insurance risk is prior to the reporting date. This is often referred to as unclosed
business. Consistent with the principle stated in paragraph 5.1 that premium revenue
is to be recognised from the attachment date, all unclosed business should be
estimated and the earned portion of premium relating to unclosed business included in
5.187 Estimates of the amount of unclosed business can be made using information
from prior periods adjusted for the impact of recent trends and events. In addition,
information about unclosed business may become available between the reporting
date and the date of completion of the financial report, whichthat may enable more
reliable estimates to be made.
Claims — Recognition and Measurement
5.198 A liability for outstanding claims mustshall be recognised in respect of
both direct business and inwards reinsurance business and mustshall be
measured as the present value of the expected future payments.
5.2019 The liability for outstanding claims should be measured as the present value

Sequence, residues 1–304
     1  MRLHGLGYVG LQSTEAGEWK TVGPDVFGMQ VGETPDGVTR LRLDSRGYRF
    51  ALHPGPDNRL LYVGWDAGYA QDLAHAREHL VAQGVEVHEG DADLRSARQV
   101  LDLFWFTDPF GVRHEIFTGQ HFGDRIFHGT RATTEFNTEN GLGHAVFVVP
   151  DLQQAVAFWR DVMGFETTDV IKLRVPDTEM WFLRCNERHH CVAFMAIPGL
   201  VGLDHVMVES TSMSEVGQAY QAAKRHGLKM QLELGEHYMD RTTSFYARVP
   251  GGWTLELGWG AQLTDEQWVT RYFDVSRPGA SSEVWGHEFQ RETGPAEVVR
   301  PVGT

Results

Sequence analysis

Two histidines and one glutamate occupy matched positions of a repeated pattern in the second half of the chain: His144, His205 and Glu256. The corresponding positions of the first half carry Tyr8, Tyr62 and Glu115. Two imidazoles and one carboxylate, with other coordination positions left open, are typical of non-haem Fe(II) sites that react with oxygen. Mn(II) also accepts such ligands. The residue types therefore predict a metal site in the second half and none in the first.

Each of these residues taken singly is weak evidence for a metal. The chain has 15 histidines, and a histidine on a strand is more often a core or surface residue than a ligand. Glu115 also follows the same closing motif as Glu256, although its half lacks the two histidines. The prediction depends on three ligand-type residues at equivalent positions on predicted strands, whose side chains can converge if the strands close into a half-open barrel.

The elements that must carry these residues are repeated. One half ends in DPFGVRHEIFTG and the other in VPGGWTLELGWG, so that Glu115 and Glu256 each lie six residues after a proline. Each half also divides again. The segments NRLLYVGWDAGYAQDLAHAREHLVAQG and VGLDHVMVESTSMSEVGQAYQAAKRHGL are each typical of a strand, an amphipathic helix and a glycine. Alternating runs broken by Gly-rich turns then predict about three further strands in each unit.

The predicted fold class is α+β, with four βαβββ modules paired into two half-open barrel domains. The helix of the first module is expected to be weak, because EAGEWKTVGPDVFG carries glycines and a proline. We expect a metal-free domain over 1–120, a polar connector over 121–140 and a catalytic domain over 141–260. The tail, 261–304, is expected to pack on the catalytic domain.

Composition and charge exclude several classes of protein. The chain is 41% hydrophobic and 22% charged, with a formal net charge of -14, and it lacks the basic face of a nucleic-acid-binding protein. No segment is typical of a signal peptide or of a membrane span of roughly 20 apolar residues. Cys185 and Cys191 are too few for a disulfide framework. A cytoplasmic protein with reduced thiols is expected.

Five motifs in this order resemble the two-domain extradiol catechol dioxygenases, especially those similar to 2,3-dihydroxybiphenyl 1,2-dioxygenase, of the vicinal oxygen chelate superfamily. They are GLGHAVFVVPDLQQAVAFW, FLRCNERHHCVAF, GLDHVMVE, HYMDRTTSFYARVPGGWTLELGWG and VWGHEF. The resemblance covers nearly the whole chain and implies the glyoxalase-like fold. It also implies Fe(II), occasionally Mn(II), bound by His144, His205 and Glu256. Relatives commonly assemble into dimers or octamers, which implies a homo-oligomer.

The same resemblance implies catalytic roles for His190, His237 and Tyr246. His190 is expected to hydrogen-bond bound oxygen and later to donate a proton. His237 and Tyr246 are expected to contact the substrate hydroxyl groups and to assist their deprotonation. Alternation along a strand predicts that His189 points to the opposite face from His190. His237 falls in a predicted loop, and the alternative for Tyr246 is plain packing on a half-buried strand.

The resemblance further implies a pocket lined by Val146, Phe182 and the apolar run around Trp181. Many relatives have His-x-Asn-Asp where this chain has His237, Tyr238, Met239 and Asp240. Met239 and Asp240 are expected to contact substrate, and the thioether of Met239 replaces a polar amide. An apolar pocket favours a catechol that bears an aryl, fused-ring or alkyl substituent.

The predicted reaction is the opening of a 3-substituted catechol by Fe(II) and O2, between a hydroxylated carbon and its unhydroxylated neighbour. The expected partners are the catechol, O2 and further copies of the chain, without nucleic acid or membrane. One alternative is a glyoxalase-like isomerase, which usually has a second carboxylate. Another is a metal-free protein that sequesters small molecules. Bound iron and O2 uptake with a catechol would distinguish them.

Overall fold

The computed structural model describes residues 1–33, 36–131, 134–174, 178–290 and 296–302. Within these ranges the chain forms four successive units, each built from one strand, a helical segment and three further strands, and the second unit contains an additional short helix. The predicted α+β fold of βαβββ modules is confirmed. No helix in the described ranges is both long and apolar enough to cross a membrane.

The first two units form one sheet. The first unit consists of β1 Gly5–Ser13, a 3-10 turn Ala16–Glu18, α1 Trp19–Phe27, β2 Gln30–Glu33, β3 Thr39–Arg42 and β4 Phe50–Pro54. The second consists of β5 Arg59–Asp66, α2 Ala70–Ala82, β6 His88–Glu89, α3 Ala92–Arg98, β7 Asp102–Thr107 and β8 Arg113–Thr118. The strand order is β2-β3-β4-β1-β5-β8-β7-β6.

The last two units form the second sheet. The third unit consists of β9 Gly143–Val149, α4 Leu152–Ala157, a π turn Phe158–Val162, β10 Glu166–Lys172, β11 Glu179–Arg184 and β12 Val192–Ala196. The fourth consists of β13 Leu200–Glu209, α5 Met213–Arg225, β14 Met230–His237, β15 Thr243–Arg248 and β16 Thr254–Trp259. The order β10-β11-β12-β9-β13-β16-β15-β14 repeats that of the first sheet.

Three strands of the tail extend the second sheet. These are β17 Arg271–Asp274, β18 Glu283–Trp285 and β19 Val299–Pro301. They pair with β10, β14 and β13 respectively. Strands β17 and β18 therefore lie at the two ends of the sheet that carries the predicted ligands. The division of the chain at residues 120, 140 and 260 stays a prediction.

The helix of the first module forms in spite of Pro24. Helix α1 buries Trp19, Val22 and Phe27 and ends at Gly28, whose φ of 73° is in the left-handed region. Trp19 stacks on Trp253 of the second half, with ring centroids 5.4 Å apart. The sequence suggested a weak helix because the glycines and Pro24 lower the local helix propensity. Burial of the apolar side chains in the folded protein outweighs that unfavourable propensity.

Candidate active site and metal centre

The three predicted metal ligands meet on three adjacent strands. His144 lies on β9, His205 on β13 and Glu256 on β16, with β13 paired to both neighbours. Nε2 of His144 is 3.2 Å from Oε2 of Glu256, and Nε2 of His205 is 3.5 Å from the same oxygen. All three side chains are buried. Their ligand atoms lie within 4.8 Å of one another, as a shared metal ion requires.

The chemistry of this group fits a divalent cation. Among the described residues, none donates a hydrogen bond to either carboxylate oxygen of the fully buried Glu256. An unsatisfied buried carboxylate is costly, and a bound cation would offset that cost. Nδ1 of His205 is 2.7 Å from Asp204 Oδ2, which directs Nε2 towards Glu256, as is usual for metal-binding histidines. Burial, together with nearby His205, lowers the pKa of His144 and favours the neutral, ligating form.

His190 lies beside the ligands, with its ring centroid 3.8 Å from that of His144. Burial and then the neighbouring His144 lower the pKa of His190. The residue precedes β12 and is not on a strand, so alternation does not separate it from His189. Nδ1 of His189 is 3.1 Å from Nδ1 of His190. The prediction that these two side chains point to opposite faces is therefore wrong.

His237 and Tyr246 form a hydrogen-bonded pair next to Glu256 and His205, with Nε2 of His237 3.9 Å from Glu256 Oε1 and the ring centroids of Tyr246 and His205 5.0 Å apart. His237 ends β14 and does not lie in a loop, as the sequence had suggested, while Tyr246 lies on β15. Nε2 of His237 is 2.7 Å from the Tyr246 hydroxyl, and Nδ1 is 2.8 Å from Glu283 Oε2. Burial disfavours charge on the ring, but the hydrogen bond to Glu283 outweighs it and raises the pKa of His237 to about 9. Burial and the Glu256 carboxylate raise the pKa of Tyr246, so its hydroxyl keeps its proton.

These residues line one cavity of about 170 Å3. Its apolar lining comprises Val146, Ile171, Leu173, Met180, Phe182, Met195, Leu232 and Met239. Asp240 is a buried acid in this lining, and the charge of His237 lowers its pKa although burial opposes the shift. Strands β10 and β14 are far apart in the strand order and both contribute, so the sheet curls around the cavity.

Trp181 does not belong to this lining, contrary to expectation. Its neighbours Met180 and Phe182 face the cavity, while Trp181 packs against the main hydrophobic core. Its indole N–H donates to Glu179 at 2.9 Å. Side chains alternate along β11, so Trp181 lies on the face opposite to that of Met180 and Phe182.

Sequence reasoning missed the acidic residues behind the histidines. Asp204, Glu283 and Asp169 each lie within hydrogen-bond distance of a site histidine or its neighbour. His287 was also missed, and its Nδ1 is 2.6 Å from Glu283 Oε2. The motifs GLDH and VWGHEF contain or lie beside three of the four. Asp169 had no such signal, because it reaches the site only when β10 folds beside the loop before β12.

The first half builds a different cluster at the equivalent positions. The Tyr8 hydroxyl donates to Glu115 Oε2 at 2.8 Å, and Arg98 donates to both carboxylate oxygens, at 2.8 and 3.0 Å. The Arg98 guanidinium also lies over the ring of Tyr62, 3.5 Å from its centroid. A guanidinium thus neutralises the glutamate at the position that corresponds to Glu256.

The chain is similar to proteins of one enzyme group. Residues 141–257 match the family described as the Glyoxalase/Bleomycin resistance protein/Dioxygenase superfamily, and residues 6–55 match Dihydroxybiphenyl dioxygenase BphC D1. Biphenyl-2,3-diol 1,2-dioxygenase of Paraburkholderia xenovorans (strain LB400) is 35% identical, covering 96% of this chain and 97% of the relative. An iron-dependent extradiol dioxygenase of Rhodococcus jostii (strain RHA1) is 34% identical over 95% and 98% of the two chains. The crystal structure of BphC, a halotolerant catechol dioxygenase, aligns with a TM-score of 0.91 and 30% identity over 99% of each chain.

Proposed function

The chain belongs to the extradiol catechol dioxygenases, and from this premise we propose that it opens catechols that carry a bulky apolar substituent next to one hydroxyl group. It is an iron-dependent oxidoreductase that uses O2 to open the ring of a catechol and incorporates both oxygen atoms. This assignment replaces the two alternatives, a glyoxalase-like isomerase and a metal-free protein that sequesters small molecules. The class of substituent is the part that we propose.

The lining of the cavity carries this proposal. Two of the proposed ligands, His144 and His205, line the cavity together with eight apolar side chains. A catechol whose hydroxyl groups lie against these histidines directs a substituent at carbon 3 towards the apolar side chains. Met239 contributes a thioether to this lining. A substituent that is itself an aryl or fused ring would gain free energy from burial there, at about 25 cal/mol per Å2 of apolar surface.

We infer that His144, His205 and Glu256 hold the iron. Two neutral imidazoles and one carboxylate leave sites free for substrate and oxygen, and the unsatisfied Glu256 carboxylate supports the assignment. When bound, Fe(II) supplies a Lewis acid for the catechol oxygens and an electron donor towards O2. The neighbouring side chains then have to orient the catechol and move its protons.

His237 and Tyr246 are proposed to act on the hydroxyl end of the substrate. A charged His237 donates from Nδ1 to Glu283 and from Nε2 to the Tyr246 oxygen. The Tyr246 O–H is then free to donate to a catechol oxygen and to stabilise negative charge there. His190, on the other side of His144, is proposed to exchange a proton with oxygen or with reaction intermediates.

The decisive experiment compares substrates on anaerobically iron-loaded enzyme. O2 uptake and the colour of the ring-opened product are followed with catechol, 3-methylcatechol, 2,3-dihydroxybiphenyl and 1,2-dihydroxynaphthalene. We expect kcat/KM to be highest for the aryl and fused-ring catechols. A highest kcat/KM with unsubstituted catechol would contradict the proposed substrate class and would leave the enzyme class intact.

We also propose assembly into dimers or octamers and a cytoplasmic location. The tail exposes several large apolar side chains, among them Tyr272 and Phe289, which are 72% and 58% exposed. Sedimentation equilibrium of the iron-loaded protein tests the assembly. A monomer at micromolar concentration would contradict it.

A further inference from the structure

of expected future payments. This requires estimation of the ultimate cost of settling
claims risk and the discounting of those amounts to a present value. The amount
recognised as the liability for outstanding claims is to be the estimate of the
expenditure required to settle the present obligation at the reporting date. The risks
and uncertainties that inevitably surround claims are to be taken into account in
reaching the best estimate of the outstanding claims liability.
5.210 Caution is needed in making judgements under conditions of uncertainty.
However, uncertainty does not justify the deliberate overstatement of the outstanding
claims liability. For example, if the projected costs of a particularly adverse outcome
are estimated on a prudent basis, that outcome is not then to be deliberately treated as
more probable than is realistically the case. Care is needed to avoid duplicating
adjustments for risk and uncertainty with consequent overstatement of the outstanding
5.221 The longer the expected period from the reporting date to settlement, the
more likely it is that the ultimate cost of settlement will be affected by inflationary
factors likely to occur during the period to settlement. These factors include for
example, changes in specific price levels, trends in average periods of incapacity, and
in the differing amounts of court awards for successful claims.
5.232 For claims expected to be settled shortly after balance date, including those
arising under short-tail business, the impact of discounting may not be material.
Where this is so, the liability for such claims may be measured as the amount of the
expected future payments.